PORTLAND, Ore. The U.S. Messenger spacecraft has flown its first successful fly-by of the planet Mercury.
Messenger, which stands for Mercury Surface Space-Environment Geochemistry and Ranging, will perform the most detailed survey of the closest planet to the Sun. Already having flown by Venus, which is between Earth and Mercury, the spacecraft is now training its instruments on the final destination--orbit around Mercury in 2011, just in time to observing the effects of the peak sunspot season.
"We flew by yesterday [Jan. 14], but the first data reports were not in until today. Now we know our instrument has successfully taken the first ion plasma measurements near Mercury ever," said Thomas Zurbuchen of the University of Michigan, who engineered the Fast Imaging Plasma Spectrometer (FIPS) on Messenger. "Now all it takes is patience to wait for the big 70-meter antenna on Messenger to transmit our data back to us."
It will take weeks to receive all the collected data on Mercury's atmosphere, but within two weeks Zurbuchen said his team will have enough samples to get an overall impression of what elements are in Mercury's mysterious atmosphere.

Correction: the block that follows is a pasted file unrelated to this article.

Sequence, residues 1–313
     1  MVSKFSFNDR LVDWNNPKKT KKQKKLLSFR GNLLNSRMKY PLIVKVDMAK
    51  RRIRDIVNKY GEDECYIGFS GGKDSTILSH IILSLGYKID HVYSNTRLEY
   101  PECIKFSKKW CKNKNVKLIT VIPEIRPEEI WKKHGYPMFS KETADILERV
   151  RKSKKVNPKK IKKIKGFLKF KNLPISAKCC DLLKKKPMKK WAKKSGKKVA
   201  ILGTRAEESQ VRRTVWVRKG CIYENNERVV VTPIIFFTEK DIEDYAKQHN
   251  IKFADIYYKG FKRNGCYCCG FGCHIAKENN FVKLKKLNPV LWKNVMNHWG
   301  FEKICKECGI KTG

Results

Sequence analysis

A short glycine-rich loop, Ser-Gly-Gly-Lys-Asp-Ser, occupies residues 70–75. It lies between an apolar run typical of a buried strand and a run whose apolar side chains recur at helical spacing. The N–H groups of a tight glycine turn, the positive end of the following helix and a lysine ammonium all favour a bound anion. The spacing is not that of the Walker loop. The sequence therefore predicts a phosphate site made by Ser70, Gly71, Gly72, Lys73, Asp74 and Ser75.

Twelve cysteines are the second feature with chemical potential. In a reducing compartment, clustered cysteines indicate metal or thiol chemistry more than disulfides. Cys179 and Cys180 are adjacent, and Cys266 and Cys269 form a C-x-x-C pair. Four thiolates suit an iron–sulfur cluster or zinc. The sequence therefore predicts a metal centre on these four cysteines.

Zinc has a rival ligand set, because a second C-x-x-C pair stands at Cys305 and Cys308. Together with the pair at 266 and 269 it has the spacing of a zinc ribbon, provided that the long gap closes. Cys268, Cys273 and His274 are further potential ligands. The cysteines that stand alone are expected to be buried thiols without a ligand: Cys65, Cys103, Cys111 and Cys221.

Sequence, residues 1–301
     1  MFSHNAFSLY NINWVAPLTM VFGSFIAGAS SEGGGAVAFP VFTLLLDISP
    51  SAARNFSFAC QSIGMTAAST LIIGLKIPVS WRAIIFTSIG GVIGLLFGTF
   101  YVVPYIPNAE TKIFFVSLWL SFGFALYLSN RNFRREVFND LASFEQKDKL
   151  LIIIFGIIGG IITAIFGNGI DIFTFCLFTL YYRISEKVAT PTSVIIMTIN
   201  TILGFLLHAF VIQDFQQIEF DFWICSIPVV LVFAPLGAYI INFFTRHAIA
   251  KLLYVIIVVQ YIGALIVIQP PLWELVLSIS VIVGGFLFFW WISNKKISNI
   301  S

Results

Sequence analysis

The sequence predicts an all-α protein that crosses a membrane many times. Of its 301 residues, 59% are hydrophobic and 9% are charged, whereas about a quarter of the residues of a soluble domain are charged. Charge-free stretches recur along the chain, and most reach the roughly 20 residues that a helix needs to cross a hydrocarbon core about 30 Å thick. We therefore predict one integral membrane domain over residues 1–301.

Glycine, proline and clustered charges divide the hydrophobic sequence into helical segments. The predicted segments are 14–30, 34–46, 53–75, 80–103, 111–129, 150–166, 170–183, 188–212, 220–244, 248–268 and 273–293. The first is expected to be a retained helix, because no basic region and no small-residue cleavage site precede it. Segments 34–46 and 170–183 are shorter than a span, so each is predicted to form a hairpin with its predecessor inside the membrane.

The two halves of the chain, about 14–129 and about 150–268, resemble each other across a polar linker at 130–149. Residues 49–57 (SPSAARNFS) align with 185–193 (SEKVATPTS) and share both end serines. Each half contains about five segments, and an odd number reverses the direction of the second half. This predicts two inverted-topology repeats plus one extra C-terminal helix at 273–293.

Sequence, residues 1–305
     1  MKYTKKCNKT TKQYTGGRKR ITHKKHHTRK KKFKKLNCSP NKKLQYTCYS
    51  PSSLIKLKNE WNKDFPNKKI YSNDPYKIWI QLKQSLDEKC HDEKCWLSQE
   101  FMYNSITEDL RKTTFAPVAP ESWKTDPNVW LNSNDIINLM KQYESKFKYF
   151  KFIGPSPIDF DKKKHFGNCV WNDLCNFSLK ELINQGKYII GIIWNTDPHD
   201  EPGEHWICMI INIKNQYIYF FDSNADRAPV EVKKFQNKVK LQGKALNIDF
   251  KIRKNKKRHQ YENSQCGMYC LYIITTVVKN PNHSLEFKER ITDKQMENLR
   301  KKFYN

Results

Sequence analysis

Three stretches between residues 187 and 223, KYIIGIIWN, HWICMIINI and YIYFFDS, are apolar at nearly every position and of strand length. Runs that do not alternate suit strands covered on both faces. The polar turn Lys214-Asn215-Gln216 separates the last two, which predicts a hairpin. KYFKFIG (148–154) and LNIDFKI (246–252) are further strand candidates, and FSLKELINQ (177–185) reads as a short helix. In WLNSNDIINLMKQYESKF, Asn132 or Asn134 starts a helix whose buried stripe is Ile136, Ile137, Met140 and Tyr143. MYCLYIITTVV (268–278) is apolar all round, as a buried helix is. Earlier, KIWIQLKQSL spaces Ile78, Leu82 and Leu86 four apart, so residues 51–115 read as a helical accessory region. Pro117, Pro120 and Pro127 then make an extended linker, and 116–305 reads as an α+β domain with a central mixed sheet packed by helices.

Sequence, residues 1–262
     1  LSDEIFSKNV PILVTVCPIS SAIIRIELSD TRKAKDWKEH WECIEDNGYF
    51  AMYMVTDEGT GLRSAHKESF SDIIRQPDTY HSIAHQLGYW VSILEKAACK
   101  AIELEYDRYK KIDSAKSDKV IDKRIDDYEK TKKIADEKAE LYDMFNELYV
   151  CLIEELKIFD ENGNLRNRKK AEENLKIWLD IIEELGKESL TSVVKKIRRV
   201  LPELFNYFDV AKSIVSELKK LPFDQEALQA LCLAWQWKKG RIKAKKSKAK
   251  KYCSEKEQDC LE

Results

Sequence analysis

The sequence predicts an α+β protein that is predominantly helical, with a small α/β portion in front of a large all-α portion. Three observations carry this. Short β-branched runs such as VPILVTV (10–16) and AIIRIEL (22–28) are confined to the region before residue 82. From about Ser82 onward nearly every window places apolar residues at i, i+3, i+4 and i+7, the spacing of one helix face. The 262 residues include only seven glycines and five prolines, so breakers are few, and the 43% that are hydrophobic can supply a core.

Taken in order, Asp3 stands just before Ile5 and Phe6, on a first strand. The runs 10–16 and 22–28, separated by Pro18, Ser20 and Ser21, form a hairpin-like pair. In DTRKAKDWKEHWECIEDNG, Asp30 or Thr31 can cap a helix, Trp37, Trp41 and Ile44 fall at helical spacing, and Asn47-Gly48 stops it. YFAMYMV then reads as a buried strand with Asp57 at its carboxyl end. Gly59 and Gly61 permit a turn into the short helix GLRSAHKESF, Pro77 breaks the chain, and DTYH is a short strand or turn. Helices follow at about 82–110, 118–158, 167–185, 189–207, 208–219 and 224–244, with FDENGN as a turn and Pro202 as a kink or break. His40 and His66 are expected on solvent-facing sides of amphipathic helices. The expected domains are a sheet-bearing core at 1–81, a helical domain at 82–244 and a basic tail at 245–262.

"We should know what the exciting new discoveries are in a couple of weeks, but because this is the first data set of its kind, it is going to be years--perhaps a decade--for follow-up research to explore it all," said Zurbuchen.
Messenger was launched in 2004. This week's fly-by was the first use of FIPS, which was specifically designed to measure the mass of the highly charged particles in the atmosphere of Mercury.
"FIPS looks at all the particles in the atmosphere, of which we expect to see protons and sodium which we can sense from remote observations, but most of the rest of the atmosphere is unknown--our is the first instrument to make real measurements of it," said Zurbuchen.
FIPS gathered some of Mercury's atmosphere as it flew through it at over 15,000 miles per hour. The spectrometer measured the atmospheric elements as the craft grazed past to shed speed before going on to circle the Sun again. Messenger will repeat the maneuver two more times in October 2008 and September 2009 before finally firing its rockets to decelerate into orbit around Mercury in March 2011.
Because Mercury is so close to the Sun, it is bombarded with highly charged particles. FIPS was optimized to measure the mass of solar ions, and performs its analysis of mass using a realtime spectrometer.